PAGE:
In Fort Worth, take used grease to the Environmental Collection Center, 6400 Bridge St. The center is open 11 a.m.-7 p.m. Thursday and Friday and 9 a.m.-3 p.m. Saturday.

Put your used cooking oil in a sealed plastic container with a screw-top lid (maybe even the same container the oil came in). Put used grease in a container with a plastic lid, like an old coffee can. You may want to transfer your containers in a cardboard box or plastic bag so you do not have to worry about any leaks.

Check out this video for some quick tips on how to easily transfer your used cooking oil.

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Don’t Miss Pups in the Park

Southlake Parks and Recreation is participating in National Mutt Day and we hope you will too!

National Mutt Day, also known as National Mixed Breed Dog Day, is all about embracing, saving and celebrating mixed breed dogs. To celebrate these special friends, the Southlake Parks and Recreation team has lots of fun activities planned for your family pet. You’ll find on-site print photos, puppy paw-print painting, grooming demonstrations, vet advice, and more. Southlake DPS will also give a presentation on pet safety including leash laws, reminding pet owners not to leave animals in hot cars, and who to contact about a loose or stray dog.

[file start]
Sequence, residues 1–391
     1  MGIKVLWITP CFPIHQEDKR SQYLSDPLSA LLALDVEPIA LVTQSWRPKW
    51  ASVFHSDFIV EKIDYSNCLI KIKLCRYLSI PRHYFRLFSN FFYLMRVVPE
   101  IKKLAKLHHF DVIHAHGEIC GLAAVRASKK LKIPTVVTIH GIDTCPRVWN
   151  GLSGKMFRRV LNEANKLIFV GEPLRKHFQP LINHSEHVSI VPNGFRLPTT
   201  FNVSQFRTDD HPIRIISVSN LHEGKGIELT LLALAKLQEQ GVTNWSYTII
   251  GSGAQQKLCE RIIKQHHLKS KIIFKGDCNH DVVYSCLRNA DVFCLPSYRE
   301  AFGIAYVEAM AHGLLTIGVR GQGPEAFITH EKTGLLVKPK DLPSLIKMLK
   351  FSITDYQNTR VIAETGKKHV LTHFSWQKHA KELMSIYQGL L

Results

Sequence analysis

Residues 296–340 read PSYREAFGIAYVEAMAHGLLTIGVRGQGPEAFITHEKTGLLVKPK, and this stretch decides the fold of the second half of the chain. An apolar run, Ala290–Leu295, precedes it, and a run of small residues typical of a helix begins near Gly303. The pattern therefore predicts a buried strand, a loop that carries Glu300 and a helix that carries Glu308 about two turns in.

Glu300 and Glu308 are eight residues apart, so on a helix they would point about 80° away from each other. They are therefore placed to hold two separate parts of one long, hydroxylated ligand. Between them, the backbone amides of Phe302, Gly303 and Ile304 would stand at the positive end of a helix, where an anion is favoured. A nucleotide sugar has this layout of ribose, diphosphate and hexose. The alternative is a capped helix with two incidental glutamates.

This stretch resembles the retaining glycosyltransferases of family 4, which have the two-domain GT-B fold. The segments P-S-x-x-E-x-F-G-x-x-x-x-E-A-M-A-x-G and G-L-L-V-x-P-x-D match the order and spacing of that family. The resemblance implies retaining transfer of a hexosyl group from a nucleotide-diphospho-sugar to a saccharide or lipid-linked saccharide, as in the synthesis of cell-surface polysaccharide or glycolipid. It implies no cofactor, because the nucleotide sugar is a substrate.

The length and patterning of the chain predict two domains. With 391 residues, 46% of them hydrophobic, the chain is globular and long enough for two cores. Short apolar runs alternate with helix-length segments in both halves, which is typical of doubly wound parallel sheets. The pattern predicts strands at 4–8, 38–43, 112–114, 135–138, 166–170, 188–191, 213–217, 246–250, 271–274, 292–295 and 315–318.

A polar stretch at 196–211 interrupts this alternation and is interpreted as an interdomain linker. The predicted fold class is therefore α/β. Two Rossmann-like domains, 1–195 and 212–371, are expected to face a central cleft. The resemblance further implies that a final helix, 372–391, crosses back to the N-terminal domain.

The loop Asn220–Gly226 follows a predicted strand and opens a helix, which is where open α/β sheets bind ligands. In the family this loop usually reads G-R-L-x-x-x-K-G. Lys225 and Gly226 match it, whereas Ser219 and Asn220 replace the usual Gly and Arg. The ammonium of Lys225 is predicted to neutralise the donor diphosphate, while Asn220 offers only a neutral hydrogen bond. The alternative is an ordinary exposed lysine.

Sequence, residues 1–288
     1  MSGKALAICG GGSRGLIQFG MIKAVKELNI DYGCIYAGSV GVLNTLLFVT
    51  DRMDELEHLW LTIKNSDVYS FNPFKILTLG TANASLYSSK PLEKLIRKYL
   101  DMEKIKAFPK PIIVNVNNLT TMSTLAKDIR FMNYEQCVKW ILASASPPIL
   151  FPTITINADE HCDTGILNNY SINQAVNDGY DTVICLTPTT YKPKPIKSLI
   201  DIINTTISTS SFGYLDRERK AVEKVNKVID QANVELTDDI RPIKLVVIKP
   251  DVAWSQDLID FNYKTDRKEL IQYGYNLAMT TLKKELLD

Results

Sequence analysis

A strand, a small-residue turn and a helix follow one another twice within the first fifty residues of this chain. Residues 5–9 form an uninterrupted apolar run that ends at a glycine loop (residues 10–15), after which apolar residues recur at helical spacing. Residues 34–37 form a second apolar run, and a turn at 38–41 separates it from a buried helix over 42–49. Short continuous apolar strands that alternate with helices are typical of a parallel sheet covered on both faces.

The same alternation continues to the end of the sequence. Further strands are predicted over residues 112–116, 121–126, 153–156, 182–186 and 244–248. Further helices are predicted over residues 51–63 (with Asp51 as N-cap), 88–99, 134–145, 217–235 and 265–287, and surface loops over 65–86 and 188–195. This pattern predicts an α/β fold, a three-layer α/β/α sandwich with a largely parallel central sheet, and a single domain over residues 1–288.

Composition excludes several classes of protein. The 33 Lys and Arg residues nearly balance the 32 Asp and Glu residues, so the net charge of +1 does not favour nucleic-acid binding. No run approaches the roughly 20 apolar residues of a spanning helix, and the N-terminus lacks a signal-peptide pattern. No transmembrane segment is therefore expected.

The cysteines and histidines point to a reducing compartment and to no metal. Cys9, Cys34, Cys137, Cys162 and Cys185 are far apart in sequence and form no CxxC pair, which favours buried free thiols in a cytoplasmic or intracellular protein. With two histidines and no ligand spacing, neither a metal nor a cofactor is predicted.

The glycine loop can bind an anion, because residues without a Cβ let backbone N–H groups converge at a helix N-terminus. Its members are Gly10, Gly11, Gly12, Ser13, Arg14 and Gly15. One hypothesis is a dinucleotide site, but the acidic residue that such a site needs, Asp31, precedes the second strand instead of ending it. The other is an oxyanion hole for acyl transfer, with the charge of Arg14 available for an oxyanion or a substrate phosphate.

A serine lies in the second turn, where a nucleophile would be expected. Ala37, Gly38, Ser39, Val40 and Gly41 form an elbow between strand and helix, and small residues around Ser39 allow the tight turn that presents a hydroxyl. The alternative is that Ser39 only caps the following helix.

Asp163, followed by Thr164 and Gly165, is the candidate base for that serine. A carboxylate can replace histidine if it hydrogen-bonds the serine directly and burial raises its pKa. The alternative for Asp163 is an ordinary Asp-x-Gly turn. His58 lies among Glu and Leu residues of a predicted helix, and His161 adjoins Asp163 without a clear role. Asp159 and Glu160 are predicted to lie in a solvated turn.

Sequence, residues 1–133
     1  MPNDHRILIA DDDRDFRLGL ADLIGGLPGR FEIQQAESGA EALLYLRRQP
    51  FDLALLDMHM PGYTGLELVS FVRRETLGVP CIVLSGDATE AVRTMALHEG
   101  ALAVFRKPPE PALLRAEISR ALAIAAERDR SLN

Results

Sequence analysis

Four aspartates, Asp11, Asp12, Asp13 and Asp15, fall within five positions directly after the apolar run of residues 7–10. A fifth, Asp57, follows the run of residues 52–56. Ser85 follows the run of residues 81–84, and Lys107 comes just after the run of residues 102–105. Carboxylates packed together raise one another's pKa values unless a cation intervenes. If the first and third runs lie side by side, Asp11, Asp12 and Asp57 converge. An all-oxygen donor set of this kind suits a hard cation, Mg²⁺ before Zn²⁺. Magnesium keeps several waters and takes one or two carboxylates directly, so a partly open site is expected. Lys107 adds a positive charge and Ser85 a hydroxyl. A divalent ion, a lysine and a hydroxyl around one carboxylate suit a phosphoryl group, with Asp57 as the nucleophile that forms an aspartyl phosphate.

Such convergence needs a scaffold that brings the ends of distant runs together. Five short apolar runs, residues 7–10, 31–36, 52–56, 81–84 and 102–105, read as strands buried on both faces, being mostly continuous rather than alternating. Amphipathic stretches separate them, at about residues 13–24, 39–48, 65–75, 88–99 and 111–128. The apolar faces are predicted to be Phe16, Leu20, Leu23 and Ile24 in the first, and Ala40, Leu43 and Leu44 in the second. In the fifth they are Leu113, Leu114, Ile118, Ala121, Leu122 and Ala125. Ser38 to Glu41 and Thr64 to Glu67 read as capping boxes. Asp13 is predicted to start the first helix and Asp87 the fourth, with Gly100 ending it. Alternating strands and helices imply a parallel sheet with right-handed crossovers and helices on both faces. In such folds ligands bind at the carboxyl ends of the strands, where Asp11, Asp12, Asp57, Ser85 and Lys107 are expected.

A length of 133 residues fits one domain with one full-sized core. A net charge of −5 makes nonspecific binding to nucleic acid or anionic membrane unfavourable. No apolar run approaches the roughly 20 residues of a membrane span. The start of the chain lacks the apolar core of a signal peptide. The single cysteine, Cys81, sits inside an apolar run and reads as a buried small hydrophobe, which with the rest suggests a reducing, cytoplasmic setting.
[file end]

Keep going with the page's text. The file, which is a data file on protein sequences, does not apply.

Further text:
Best of all you will get to meet Mayor Laura Hill who is planning to bring her beloved family pet, Emma to Pups in the Park. We hope everyone can join us for this pet friendly event on Monday, July 31 at Boo Boo’s Community Dog Park located at 3901 N White Chapel Blvd.

The Parks and Rec team will also be raffling away several prizes including two tickets to a Rangers game, also dog treat baskets, grooming certificates, and more. Participants can enter the raffle by bringing any of the items listed to be donated to the Keller Regional Adoption Center. Donated items to bring include: Purina One dog and puppy food (dry), Purina One cat and kitten food (dry), rolls of paper towels, antibacterial hand soap, large/black heavy-duty trash bags, bleach, Pine-sol, fleece blankets, towels, dog and cat collars and leashes, dog and cat toys (dishwasher safe), and cat litter (large granules only).

Pups in the Park

Time:  5:00 p.m. – 8:00 p.m.

Where:  Boo Boo’s Community Park, 3901 N White Chapel Blvd.

When:   Monday, July 31

If you need a four-legged friend, please check out the pets available for adoption at the Human Society of North Texas Keller Regional Adoption Center located at 330 Rufe Snow Dr. in Keller. The shelter is open Monday – Friday 12:00 p.m. – 6:00 p.m. and Saturday, 10:00 a.m. – 6:00 p.m. (closed on Sunday). If you would like to call ahead, the phone number is (817) 743-4711 or check out the pets available for adoption on their website.